Woodford Folk Festival

Coordinates: 26°54′54.15″S 152°45′19.54″E / 26.9150417°S 152.7554278°E / -26.9150417; 152.7554278
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Woodford Folk Festival
Dates27 December – 1 January
Location(s)Woodford, Queensland, Australia
Years active1994–2019, 2022–
Founded byQueensland Folk Federation, Bill Hauritz, Amanda Jackes
Organised byWoodfordia (previously Queensland Folk Federation), Amanda Jackes

The Woodford Folk Festival is an annual music and cultural festival held near the semi-rural town of Woodford,[1] 72 km (45 mi) north of Brisbane, Queensland, Australia. It is one of the biggest annual cultural events of its type in Australia.[1] Every year approximately 125,000 patrons attend the festival. Approximately 2000 performers and 438 events are programmed featuring local, national and international guests.


The festival takes place over six days and nights from 27 December to 1 January each year.[1] It features a wide range of performance styles, musical genres and nationalities, with artists playing at over 25 different venues within the festival grounds.[1] Along with musical acts, the festival offers a wide spectrum of entertainment such as circus, cabaret, comedy, street performance, workshops, debate, a Children's Festival and more. The streets are lined with restaurants, cafes, stalls, bars, street theatre and parades. The festival supplies both Season and Overnight camping ground to patrons, with most attendees staying for the entire week of festivities.[citation needed]

The 3 Minutes Silence is a recurring Woodford tradition, part of the New Year's Eve celebrations where festival goers within the grounds gather for 3 minutes of candle-lit silence to welcome the new year. A Sunrise Ceremony then takes place on the Woodfordia hilltop on New Year's Day. The whole community greets the Sun as they listen to Tibetan chants and guest musicians on the grassy hill. The final evening of the festival culminates in a spectacular New Year's Day closing ceremony, The Fire Event.[2]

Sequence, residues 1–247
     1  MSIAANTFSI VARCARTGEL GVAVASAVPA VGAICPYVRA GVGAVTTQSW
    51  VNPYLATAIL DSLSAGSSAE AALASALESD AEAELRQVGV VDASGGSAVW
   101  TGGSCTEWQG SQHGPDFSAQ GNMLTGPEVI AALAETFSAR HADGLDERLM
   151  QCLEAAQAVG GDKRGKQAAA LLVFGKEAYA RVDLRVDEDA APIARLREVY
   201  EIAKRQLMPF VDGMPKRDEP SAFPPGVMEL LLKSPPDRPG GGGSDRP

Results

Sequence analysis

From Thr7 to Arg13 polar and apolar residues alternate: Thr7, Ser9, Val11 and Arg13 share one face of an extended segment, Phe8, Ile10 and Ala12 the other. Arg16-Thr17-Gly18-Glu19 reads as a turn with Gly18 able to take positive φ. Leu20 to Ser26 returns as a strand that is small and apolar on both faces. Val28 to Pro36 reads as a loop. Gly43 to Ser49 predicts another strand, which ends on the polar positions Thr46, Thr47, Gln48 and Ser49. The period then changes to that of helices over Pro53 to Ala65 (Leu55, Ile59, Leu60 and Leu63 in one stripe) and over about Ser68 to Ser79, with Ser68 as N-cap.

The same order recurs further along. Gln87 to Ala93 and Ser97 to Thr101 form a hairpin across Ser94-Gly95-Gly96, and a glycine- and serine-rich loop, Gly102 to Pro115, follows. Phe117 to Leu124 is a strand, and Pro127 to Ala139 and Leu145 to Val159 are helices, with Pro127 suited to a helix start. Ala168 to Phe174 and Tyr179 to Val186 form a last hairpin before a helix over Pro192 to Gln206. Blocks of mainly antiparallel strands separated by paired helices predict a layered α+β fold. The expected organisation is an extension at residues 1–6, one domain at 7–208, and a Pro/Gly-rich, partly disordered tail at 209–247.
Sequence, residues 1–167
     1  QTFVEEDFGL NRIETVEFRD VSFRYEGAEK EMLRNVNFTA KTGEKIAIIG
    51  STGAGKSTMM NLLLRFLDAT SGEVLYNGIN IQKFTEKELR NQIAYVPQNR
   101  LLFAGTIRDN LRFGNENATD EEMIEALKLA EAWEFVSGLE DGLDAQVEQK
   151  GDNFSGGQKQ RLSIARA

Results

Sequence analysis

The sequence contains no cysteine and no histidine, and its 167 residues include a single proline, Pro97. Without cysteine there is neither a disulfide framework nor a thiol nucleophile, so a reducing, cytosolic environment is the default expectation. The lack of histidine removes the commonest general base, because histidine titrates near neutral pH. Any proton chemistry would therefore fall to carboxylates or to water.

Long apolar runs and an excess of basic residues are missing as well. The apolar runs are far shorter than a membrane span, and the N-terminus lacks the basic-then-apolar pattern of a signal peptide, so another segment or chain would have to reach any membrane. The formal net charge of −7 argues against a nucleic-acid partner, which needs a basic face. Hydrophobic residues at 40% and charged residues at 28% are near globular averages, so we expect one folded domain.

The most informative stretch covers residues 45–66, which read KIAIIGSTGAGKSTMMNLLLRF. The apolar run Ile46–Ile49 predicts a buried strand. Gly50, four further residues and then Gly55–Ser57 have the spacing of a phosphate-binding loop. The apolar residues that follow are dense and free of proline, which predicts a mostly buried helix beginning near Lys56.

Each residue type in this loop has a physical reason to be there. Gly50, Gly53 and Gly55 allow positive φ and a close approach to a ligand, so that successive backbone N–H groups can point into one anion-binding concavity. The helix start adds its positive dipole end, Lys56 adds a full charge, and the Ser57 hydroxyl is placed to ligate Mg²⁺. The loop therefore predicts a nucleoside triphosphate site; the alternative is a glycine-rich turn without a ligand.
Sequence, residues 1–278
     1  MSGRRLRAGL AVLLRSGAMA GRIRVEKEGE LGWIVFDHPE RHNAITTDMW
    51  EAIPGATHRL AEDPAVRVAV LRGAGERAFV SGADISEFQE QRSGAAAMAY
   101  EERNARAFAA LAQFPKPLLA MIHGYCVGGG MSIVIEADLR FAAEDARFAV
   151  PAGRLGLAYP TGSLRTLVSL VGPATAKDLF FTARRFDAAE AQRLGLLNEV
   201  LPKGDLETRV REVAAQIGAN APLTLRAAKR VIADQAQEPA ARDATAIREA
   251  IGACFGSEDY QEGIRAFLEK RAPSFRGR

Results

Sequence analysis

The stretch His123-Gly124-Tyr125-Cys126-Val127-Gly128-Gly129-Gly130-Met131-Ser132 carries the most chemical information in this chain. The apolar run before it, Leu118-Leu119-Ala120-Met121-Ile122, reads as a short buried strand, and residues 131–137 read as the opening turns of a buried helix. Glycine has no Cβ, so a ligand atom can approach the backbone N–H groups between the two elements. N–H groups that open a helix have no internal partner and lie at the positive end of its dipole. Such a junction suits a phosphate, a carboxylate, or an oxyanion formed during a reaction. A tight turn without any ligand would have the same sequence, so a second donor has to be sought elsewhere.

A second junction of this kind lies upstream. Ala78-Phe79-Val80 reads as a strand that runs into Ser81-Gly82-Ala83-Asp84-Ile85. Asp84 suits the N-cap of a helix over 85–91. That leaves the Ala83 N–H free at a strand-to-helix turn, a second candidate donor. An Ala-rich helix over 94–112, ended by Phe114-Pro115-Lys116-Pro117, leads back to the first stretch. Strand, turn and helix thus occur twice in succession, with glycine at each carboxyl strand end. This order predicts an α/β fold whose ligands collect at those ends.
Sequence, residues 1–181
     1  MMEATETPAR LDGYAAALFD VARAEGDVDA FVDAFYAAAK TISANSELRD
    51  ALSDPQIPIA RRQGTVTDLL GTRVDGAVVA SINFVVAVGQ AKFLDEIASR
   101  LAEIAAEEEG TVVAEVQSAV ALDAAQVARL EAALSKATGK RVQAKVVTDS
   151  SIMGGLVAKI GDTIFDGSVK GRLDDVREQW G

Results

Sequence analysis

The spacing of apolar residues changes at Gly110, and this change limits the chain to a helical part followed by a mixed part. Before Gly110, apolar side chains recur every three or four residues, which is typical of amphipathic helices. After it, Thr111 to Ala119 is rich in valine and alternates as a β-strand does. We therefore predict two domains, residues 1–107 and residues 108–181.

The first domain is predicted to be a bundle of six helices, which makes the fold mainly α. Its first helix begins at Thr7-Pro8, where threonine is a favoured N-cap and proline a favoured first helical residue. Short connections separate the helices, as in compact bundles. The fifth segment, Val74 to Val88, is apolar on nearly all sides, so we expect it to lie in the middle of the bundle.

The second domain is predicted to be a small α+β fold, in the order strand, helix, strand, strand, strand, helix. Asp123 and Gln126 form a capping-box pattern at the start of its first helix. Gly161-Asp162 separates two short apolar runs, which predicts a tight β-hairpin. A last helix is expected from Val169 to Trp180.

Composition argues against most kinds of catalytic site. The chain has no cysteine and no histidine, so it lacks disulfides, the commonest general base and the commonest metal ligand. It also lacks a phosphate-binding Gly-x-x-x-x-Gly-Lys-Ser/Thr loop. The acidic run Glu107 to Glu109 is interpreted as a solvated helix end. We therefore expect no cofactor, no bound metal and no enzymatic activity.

The famous Woodfordia sign built upon the hilltop

Unlike many festivals which are held in or near urban centres, the Woodford Folk Festival takes place on a 500-acre rural property known as Woodfordia, situated approximately 7 km (4.3 mi) north of the Sunshine Coast town of Woodford. The land is owned by Woodfordia Inc (previously Queensland Folk Federation), who are the producers of the festival.[3][4]

The 2011 flooding throughout Queensland also affected Woodfordia, leaving the Queensland Folk Federation (QFF) with millions of dollars of repair bills. To save the organisation, the Moreton Bay Regional Council (MBRC) purchased the land from the QFF and then leased it back to them for 50 years. The MBRC owns the land, however the QFF still owns all infrastructure and improvements made to the land.


The Fire Event, every year a symbolic structure is ceremoniously set alight.

The Woodford Folk Festival developed from the Maleny Folk Festival which began in Maleny in 1987.[1] In 1994, the festival was moved 20 km (12 mi) away to Woodford when it outgrew the Maleny Showgrounds site.[1][5]

The final evening of the Woodford festival culminates in a spectacular New Year's Day closing ceremony, The Fire Event.[2] Over 20,000 festival goers seated on the grassed Amphitheater hillside witness a spectacle of dance, music, theatricality and fire - with the burning of a large structure heralding the New Year.[2] The Fire Event was developed by Neil Cameron at the former Maleny festival and continued at Woodford, Paul Lawler worked with Cameron and took over as creative director of the event from 2003 - 2011, followed by Joey Ruigrok Van De Werven from 2012 - 2014, and Alex Podger since 2014.[2] The January 2000 Fire Event was featured in the global live TV broadcast heralding the new millennium.[citation needed]

In 2005–2006 a record aggregate attendance of over 130,000 visitors attended the festival, injecting $21 million into the Queensland economy.[6]

In 2008, the festival won the FasterLouder Festival Award for the most Green Friendly festival.[7]

In 2009 as part of the Q150 celebrations, the Woodford Folk Festival was announced as one of the Q150 Icons of Queensland for its role as an "event and festival".[8]

In 2014, the festival attracted more than 126,000 patrons and generated 22 million dollars in direct visitor spending.[citation needed]

The Festival celebrated its 30th anniversary in 2015, transforming from a homegrown event to one of the largest cultural celebrations in the southern hemisphere and welcoming more than 2 million people since 1994.[citation needed]

In 2016–17, the festival attracted over 135,000 patrons, which was its largest year to date.[citation needed]